Diversity. If I were to ask you what this work means, I could easily get enough answers that it would by synonymous with the words actual definition. Diversity.com defines the word as follows: The inclusion of individuals representing more than one national origin, color, religion, socioeconomic stratum, sexual orientation, etc.. Other words synonymous with Diversity are; difference, unlikeliness, variety, multiformity. For the sake of this article, we’ll focus on diversity in comics and the media they spawn.
I think a brief recap of the life cycle of comics as a genre is in order to better understand where we were as far as diversity goes, where we are, and ultimately… where we need to be. Comic Books as an art form is a very old one. Beginning in collections of panels and strips, to compiled panels and strips in the collection of a book. Although technically, the first iteration of the comic dates back to 1837(it was titled “The Adventures of Obidiah Oldbuck”), first published in Europe before being reprinted and distributed in multiple countries. Jump forward almost 100 years to 1929, we see a familiar sailor who eats the vegetable Spinach to gain strength in order to face his nemesis Bluto for the attention of his sweetheart Olive Oil, Popeye was born.
Jump again to the mid 30’s when the super sleuth Dick Tracy comes on the scene. It wasn’t until the late 30’s that the first official “super” heroes were introduced. A lone survivor from another planet who gained fabulous powers from the effects of our yellow sun, and a millionaire who’s parents were murdered in a dark alley, who grew up and used his money to develop a belt full of super tricks and gadgets to help aid him in his fight against crime…Superman and Batman are created. Very few minority characters were in play at this time, and the ones that were, were used sparingly. It wasn’t until 1966, where The Black Panther, an African prince with heightened strength, speed, and senses makes his debut in the pages of Marvel Comics title The Fantastic Four. There were a few others across the landscape, namely The Falcon(friend to Captain America), Brother Voodoo, etc…but still, used scarcely. The Falcon
At this time, the big 2 companies(Marvel, DC) were growing. Between the early 30’s to the late 60’s, these companies mirrored the times they were created in. Most Artist, Writers, and Editors were Caucasian males. There was little room for minorities or female talent. Most were Christian, some were Jewish, but almost all fit the same mold…Caucasian male, between the ages of 18-65. Naturally, these men created what was familiar to them, heroes and villains that for the most part, they could identify with. The rare chance a minority was used, often it was in a stereotypical way. Comic books as a genre really took a leap in the late 80’s to early 90’s, the popularity grew so much, the medium expanded. Live action TV shows, films, cartoons, toys, of these heroes and villains were everywhere, but…there was something missing. Although the Comic Book medium had grown exponentially, an accurate representation of the fan base had not. More and more, fans from different racial, age, religious, sexual orientations, etc. were being left out of the medium they loved so much. Yet still, more and more fans jumped on board, but the lack of representation was becoming grossly obvious. In an attempt to appease some of the fans, and further capitalize on the cash being spent, the companies started doing something different…they would now start changing some of their characters to match their fan base. They were still characters that weren’t used much, but in the stories more. This…would cause a problem.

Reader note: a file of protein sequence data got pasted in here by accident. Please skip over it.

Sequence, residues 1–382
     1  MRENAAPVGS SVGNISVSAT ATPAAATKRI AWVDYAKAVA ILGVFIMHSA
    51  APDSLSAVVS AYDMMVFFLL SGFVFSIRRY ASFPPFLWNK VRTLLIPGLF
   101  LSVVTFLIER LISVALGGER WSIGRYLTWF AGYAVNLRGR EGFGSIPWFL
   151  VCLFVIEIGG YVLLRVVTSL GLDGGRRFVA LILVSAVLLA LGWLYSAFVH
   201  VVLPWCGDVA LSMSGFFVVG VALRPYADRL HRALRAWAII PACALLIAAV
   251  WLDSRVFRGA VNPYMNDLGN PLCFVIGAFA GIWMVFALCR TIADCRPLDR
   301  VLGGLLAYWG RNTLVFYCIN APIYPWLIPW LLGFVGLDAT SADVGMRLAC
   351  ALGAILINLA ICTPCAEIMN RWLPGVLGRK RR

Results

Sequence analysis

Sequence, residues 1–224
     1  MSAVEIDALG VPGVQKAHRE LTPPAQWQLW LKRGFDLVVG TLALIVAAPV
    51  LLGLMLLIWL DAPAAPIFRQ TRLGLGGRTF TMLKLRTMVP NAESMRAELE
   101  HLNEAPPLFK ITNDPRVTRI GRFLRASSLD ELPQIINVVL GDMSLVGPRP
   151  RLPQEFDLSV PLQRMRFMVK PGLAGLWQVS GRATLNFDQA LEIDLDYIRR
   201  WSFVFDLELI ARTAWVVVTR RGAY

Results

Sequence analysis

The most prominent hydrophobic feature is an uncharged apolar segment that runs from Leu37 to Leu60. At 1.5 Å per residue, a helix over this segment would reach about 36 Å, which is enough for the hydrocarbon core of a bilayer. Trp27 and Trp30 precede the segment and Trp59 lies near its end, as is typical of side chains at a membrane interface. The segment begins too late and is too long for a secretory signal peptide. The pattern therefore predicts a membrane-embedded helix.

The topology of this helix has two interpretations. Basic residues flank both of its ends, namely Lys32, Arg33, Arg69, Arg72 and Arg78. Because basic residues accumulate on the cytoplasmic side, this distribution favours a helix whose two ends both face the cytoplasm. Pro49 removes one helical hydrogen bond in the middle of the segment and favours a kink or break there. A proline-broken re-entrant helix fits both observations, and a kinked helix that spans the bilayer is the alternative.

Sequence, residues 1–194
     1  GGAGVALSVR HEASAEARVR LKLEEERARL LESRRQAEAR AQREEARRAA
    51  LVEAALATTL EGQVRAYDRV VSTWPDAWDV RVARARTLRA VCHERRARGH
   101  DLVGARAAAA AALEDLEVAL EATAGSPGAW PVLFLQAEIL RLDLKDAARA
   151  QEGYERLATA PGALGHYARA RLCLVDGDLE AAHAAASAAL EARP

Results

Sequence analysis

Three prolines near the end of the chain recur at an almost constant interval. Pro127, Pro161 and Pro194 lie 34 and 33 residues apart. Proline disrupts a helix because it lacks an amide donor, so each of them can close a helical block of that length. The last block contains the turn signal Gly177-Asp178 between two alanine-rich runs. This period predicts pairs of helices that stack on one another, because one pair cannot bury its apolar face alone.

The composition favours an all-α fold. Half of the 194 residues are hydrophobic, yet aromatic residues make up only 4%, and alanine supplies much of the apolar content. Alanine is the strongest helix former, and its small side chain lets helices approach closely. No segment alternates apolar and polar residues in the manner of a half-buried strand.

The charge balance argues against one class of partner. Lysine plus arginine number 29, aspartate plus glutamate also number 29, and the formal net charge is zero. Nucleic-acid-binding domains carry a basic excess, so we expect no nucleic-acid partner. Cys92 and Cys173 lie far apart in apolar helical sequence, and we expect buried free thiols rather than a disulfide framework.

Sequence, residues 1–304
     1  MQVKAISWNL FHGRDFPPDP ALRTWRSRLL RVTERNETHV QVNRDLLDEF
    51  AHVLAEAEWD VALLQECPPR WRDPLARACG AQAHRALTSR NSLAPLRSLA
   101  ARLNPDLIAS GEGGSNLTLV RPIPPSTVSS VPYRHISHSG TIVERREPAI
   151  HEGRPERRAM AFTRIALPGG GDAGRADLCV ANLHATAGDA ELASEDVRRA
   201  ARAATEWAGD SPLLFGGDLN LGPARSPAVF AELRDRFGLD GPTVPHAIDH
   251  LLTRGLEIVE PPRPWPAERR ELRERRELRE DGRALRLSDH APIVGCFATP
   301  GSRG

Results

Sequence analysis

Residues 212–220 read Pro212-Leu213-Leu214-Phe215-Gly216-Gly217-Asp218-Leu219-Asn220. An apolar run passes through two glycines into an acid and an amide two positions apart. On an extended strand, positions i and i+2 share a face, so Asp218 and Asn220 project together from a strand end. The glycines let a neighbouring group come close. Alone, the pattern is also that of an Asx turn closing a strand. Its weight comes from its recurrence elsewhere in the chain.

Some of the fans were outraged, causing them to say things like the companies were “selling out,” “pandering to the politically correct,” or “why not just create new characters instead of changing the old ones.” Herein lies the problem. How do you do what’s right by turning the Comic Book medium into a more inclusive one, without creating chaos with fans who love tradition and want the status quot to stay the same? The truth is, there is no definitive answer. Comic Books are easily 75 years old give or take a decade, and with that age, a certain degree of acceptance must come with the fact that these creators did what was natural at the time. But like all things, in time, they change. One might say, had the industry been more in the beginning, there would be no need to retroactively change these characters today to create more diversity. And the answer can’t be just”create characters” either. The problem with that line of thought is no one cares about a “new character” enough for the stories to mean anything. Kill a new characters girlfriend, make their lover the same sex, etc. doesn’t hold the same weight…there’s no collateral built in a new character, the story loses it’s power. So, what should we do?
The only way to fix this problem is to include more of these minorities in the creative process. Make a more diverse and inclusive work environment, with more diverse and inclusive creative teams, Artists, Writers, and Editors, and over time…there will be a more natural path to inclusion. Only when the industries work force closer reflects the fan base, more women, ethnicities, sexual orientations, religious doctrines, etc. will there be more diversity, more inclusive environments where there won’t be a need to change characters to reflect a fan base that was previously left out. It won’t happen overnight, but happen it must. The world is a different place than it was 75 years ago, it’s high time this medium start to better reflect it to it’s fan base who so loyally love and support it.